Previous studies have shown that Democrats and Republicans can be differentiated from their faces. Well, according to a new study, this also applies to their smells. Researchers from Brown, Harvard and Pennsylvania State Universities tested whether people could tell the difference between the odor of a staunch liberal and a conservative. Turns out the subjects were more attracted to the smells of people with similar political beliefs, some to a surprising extent: “In one particularly illustrative case, a participant asked the experimenter if she could take one of the vials home with her because she thought it was “the best perfume I ever smelled”; the vial was from a male who shared an ideology similar to the evaluator. She was preceded with another respondent with an ideology opposite to the person who provided the exact same sample; this participant reported that the vial had “gone rancid” and suggested it needed to be replaced.” While the mechanism of this phenomenon remains unclear, one thing is certain: politicians stink.
“Mates appear to assort on political attitudes more than any other social, behavioral, or physical trait, besides religion. Yet the process by which ideologically similar mates end up together remains ambiguous. Mates do not appear to consciously select one another based on ideology, nor does similarity result from convergence. Recently, several lines of inquiry have converged on the finding that olfactory processes have an important role in both political ideology and mate selection. Here we integrate extant studies of attraction, ideology, and olfaction and explore the possibility that assortation on political attitudes may result, in part, from greater attraction to the scent of those with shared ideology. We conduct a study in which individuals evaluated the body odor of unknown others, observing that individuals are more attracted to their ideological concomitants.”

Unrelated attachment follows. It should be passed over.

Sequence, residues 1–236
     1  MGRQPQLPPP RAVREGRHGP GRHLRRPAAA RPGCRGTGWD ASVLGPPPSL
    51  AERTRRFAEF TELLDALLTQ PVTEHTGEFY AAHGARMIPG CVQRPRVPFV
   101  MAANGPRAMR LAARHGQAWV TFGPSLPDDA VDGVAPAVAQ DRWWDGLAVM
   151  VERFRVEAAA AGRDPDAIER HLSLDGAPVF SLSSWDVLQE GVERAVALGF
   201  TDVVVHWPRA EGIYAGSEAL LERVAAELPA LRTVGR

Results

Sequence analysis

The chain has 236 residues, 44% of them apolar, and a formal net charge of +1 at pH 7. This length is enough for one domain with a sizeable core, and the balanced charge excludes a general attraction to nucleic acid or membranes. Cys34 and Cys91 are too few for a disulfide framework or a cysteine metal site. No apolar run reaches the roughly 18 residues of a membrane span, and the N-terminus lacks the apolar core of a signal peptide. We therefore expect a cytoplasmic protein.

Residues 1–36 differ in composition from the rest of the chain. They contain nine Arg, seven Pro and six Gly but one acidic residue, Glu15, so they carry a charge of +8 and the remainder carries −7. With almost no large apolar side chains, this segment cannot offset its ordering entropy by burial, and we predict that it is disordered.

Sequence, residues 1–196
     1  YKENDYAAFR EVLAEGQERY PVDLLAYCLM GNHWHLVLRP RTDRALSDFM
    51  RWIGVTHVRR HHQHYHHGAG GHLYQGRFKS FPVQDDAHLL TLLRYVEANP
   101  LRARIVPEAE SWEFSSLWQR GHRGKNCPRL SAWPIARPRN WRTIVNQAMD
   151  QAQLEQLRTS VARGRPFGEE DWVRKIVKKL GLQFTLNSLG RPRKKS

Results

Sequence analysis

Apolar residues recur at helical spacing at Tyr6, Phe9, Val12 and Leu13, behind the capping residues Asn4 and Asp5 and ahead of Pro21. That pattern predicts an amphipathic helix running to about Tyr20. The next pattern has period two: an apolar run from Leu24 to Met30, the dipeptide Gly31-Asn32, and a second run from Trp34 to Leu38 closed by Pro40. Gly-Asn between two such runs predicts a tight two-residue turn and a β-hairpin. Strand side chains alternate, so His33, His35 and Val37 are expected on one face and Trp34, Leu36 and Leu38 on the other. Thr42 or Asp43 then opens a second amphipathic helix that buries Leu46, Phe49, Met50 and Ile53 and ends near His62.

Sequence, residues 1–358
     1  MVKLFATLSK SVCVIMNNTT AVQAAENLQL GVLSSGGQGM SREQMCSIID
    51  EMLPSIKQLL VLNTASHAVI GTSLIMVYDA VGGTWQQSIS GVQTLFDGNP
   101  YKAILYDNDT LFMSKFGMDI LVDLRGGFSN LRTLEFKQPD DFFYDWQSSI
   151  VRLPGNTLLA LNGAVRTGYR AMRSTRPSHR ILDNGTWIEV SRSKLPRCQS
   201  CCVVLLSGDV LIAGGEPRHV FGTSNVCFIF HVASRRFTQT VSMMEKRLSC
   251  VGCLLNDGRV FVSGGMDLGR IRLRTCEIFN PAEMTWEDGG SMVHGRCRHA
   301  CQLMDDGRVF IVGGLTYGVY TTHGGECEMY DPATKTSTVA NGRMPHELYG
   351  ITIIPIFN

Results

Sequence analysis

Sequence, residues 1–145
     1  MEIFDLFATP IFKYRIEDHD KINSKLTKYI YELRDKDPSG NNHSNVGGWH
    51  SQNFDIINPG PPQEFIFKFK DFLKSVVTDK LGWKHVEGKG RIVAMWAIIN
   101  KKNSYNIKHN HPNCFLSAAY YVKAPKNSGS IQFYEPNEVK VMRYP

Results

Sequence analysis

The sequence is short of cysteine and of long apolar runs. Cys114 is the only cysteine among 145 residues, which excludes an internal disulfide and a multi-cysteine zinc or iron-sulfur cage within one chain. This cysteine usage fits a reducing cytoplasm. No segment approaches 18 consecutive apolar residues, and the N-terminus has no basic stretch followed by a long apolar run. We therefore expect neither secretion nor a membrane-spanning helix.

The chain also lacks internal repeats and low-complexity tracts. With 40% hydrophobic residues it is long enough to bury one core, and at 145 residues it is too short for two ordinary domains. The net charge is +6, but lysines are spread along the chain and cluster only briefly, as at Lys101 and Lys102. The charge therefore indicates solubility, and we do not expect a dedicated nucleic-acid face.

NCBI ROFL: Republican women look more feminine than Democrats.
NCBI ROFL: Election week flashback: Democrats and Republicans can be differentiated from their faces.
NCBI ROFL: What does a generic Mormon look like? The answer probably won’t surprise you…